ML: So you are an integral part of an emergency source of electricity of strategically important buildings and establishments in Prague…
ML: Okay, this sounds great. I can imagine that burning a yogurt cup does not create dangerous emissions. But Aleši, surely people are throwing all sorts of things into the waste, batteries, etc. During burning, there's going to release emissions that are potentially very poisonous into the atmosphere…
AB: Our emissions are controlled. In landfills, the same waste is tipped into a hole somewhere in nature. It is only a matter of time before the pollutants contained in the base start to leak into the nature. In our plant, they are cleaned with a very sophisticated flue gas cleaning technology and concentrated in a very small amount as hazardous waste, which is converted into a solid form. Thus, the pests are embedded in a solid matrix. They have no chance to dissolve and escape into the wild in the nature.
ML: Okay, you're claiming landfills can leak into waterways and we don’t know where the pollutants end up. But how can you be sure that no pollutants are escaping from your 177.5 meters chimney at your site?
AB: There's a European law that prescribes permitted emission limits. Compliance with these limits is controlled by a special program and also by government authorities. Our plant produces emissions lower than 10% of permitted limits – the so-called technical zero. There is no technology without emissions.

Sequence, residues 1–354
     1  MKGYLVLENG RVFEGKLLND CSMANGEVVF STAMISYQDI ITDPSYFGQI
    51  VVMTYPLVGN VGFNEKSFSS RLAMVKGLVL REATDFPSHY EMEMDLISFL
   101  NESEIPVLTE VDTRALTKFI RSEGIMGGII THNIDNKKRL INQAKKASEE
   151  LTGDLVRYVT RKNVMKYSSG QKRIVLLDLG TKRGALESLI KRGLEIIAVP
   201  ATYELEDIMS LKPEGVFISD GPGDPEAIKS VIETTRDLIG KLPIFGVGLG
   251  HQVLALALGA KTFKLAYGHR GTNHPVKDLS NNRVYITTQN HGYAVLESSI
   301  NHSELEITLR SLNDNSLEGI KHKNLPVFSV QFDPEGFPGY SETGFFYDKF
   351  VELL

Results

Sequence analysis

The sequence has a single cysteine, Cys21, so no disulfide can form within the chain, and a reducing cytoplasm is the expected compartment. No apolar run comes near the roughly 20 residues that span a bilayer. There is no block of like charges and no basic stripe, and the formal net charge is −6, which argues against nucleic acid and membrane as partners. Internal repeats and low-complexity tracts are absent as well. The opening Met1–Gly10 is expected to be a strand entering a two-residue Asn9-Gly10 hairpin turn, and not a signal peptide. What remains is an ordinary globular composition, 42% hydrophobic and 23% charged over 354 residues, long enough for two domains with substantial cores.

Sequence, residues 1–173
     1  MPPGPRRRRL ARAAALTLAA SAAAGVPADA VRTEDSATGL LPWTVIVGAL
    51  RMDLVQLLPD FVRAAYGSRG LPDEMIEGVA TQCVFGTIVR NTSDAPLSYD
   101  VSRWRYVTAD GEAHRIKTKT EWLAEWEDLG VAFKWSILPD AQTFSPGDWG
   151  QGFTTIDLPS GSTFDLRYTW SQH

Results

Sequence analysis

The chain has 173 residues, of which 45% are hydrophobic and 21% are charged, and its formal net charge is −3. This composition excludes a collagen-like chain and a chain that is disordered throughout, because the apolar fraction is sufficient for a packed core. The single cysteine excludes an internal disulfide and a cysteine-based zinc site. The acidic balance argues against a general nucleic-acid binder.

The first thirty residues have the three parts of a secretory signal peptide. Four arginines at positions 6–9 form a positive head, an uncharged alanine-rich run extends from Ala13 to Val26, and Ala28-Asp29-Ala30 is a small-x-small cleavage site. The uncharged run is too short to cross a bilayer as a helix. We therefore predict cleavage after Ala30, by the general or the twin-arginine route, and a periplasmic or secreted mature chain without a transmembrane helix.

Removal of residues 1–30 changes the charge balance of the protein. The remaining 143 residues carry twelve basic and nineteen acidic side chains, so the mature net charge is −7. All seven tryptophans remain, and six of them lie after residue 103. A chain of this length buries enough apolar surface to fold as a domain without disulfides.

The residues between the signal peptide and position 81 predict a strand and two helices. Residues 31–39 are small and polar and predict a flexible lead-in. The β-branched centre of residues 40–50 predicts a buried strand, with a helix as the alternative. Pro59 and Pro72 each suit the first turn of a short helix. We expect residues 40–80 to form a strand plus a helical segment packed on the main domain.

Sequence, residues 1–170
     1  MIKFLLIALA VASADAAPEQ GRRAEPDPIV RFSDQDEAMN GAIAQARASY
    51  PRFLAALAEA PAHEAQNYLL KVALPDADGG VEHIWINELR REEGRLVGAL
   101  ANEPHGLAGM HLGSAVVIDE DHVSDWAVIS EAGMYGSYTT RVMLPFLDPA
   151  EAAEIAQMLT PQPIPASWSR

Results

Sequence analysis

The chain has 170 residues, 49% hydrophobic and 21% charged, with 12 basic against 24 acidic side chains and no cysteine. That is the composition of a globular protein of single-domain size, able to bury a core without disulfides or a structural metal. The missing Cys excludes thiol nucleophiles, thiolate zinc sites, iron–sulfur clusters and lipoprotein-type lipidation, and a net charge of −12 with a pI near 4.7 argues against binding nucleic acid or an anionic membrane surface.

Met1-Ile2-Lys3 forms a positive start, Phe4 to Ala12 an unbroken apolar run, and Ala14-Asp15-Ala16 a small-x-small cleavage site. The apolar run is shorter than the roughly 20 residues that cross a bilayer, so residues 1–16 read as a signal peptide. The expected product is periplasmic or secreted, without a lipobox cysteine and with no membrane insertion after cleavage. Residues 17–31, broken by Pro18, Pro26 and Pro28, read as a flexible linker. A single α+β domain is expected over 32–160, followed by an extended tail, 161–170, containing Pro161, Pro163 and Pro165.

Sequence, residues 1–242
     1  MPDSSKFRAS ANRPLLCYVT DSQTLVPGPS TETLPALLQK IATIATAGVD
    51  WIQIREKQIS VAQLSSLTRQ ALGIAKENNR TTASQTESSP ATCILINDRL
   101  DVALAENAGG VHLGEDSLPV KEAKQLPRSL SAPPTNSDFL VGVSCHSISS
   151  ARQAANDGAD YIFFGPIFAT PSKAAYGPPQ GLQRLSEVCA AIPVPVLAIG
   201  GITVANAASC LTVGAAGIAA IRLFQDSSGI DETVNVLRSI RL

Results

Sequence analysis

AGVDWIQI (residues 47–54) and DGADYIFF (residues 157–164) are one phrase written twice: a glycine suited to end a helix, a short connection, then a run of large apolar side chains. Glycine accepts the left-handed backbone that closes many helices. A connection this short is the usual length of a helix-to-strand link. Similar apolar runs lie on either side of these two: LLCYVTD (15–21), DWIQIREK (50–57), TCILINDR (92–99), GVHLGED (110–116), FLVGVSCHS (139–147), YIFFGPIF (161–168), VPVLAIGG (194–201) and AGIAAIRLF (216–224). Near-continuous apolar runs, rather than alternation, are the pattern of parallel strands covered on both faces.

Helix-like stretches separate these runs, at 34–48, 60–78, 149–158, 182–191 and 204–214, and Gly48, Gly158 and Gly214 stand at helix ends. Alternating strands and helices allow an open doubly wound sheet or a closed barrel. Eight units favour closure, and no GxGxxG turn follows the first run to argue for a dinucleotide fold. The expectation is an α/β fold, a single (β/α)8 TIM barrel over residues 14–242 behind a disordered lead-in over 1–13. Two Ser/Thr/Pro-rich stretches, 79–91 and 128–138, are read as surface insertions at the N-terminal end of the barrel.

ML: I checked your website, where there is a real-time graph showing the emissions coming from your chimney, from the incineration. It is comparing it to the allowed limits and they are very positive numbers – very clean emissions. So the device creates usable energy from waste. It can be a source of metal or raw materials usable for road construction and the amount of emissions produced is really negligible. This sounds like a dream ticket, Aleši. So why are we still putting so much waste into the ground?
AB: Well, a lot of people are afraid of the technology. However, the emissions produced in ZEVO are comparable to equipment burning natural gas.
ML: Yes, however, 40% of waste is still landfilled. Why?
AB: Because some people are afraid. Certain political voices, NGOs and landfill lobbies play a role in this. The landfill lobby funds some of these votes. In the past, the landfill lobby has campaigned heavily against incinerators and it lingers a bit. But the times are changing – today, some regions already want to install these devices, they know that from 2030 there will be a ban of landfills in the Czech Republic. I really hope that from 2030, because the date has already been moved a few times from 2024 to 2028, to 2030. For example, in Germany has been landfilling banned since 2005, which corresponds to the graph you showed before. So, I think it will come, but an incinerator is a more expensive investment than a landfill. Let’s compare the price of a landfill versus a waste-to-energy facility – the construction of a facility with a capacity of 100 000 metric tons per year costs approx. 70 million euros. The price of a landfill with the same capacity is in the order of hundreds of thousands.